Opensignal this week debuted an assessment of the role of network reliability in customers’ choice of a mobile carrier, compared to other metrics including speeds.
An Opensignal US household survey of more than 55,000 people showed that while cost was the most important consideration for most people (21% of respondents), reliability came in second, with 19% of respondents saying that it was the most important factor for them. Network quality came in third at 18%, and faster upload and download speeds were the most important factor for just 7% of survey participants.
In conjunction with that survey, Opensignal is launching a new “reliability experience” metric that the company says is more user-centric than network operators’ own assessments of reliability. “A network operator is likely to consider their network “reliable” if there is zero downtime, but an end-user wouldn’t find it reliable if they can’t send an email, exchange instant messages, use their device for navigation or browse simple websites,” the company said in a blog post.
The reliability metric “measures to what extent users stay consistently connected to their mobile network and whether they can continue to do typical tasks like email, watching videos, and using navigation apps while connected.”
On a global basis, the company scored Denmark has having the highest reliability experience for users, followed by Japan and South Korea. The United States was ranked 12th and had the highest ranking for the Americas region.
Read more about Opensignal’s Reliability Experience metric here.
In other test news:
–Rohde & Schwarz is touting its successful verification of Global Certification Forum Non-Terrestrial Networks (NTN) narrowband IoT test cases, supported by its R&S CMW500 radio communications tester. Rohde said that this support was key for GCF to be able to kick off the work item in their device certification program.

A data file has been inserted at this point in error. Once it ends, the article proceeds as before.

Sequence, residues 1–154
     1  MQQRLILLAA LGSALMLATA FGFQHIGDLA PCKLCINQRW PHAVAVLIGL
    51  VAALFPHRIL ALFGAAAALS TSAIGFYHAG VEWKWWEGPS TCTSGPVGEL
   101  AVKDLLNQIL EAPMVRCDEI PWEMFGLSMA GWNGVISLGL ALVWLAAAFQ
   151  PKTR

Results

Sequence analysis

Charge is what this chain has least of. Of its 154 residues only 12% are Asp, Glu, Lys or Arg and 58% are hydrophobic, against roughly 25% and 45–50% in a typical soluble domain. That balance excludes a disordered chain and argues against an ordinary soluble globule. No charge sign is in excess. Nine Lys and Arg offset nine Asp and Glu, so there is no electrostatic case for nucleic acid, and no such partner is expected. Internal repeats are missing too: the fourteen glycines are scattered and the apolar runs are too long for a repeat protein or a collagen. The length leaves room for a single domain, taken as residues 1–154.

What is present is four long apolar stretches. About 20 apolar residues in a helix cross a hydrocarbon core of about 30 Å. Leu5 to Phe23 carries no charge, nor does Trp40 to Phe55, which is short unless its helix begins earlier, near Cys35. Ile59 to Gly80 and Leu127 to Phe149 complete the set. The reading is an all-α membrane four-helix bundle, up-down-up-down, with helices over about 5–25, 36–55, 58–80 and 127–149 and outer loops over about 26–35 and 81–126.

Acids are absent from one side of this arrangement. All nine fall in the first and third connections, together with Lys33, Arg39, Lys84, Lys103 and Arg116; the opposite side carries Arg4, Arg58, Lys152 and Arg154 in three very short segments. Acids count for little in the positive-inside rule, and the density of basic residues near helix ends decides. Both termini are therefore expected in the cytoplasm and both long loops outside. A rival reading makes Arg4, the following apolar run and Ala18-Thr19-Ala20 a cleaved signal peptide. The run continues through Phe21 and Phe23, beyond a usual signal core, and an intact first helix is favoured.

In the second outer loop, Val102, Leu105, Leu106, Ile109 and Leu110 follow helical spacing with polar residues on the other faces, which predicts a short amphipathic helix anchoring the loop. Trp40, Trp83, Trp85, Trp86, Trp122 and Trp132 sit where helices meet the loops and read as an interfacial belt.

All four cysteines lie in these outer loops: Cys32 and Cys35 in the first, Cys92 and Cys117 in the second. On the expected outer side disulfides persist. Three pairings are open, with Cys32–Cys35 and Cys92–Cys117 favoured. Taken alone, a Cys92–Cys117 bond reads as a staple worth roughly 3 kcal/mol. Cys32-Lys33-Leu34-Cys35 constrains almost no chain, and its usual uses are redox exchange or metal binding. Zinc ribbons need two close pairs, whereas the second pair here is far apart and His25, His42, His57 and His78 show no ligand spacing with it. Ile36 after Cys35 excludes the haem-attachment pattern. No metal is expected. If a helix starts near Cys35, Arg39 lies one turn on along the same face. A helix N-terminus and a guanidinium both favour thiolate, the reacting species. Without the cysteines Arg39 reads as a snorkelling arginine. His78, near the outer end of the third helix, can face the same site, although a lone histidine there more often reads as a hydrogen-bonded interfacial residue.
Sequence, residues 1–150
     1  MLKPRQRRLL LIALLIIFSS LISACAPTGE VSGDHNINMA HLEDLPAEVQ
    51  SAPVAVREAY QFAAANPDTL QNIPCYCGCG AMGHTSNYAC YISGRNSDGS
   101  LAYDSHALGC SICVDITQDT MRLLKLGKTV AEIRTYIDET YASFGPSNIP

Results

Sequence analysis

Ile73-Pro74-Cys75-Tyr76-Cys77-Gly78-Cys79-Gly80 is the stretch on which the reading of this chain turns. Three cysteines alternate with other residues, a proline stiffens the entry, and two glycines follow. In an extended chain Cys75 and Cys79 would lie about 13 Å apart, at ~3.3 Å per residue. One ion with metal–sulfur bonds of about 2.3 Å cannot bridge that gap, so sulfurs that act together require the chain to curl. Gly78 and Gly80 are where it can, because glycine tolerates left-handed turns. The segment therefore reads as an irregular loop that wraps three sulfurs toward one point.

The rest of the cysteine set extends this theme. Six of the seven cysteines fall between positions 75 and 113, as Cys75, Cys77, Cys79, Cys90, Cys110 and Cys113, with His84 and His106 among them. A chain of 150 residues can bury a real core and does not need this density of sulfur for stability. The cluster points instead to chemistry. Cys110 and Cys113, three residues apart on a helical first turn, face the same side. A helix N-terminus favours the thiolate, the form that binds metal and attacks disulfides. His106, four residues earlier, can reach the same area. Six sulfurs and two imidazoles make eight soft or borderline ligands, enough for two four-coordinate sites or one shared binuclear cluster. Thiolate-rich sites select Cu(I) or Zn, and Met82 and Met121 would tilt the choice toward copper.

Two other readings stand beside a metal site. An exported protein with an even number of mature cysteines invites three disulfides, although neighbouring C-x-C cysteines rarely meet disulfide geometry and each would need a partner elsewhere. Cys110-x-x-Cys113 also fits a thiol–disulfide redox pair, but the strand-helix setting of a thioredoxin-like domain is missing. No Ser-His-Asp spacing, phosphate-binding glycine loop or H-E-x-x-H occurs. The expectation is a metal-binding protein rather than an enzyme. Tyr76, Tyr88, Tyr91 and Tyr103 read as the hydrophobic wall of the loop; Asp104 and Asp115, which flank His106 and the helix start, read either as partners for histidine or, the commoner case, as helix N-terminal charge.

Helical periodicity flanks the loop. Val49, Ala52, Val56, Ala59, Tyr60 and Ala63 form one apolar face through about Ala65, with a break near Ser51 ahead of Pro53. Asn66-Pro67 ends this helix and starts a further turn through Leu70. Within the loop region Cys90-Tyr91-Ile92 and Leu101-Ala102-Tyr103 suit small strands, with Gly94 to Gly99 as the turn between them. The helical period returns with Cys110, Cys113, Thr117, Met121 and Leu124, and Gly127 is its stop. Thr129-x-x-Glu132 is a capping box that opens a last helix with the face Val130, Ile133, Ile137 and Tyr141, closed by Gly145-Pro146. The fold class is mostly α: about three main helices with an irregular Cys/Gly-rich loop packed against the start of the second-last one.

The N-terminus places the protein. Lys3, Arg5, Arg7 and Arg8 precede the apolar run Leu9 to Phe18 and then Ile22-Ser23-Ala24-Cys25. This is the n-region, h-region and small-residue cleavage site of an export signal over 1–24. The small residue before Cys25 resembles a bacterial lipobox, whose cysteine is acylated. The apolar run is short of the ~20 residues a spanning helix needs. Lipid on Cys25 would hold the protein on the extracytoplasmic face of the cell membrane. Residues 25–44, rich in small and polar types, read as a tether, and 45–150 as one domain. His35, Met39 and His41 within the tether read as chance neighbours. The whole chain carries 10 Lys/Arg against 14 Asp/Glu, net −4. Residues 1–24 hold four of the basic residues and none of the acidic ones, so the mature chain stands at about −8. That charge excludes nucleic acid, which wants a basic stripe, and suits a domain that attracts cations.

Looking ahead to Mobile World Congress Barcelona, Rohde & Schwarz also said this week that it will be highlighting 5G-supported augmented reality in the form of “animated avatar” calls as illustrative of XR-related 5G use cases and broader metaverse integration, as well as Wi-Fi 7 multi-channel single-box test solutions for both research and development and production environments.
–Anritsu, meanwhile, plans to focus on a variety of demonstrations at MWC Barcelona that include an AI-powered RF sensing tool, an advanced digital twin simulation environment for cellular vehicle-to-everything, NTN device measurements and field-to-lab simulation test.
In terms of the use of AI in radio frequency sensing, Anritsu has partnered with DeepSig to integrate the company’s wireless signal detection and classification software, which leverages AI, into Anritsu’s MS2090A Field Master Pro Spectrum Analyzer. “Employing a deep learning, data-driven approach allows Anritsu to rapidly incorporate new radio signal models into their capabilities using DeepSig’s ML training tools,” the test company explained. “RF signals of interest from diverse new sources like drones and IOT devices can be learned quickly and accurately in days, rather than months, to meet fast changing customer requirements. These advanced technologies also form the foundation for AI-native RF sensing for 6G.”
–Fairview Microwave has launched a new line of trihedral corner reflectors for radar and antenna testing, which support a wide operating frequency range of 10 to 100 GHz and are meant to optimize signal reflections and measurement accuracy.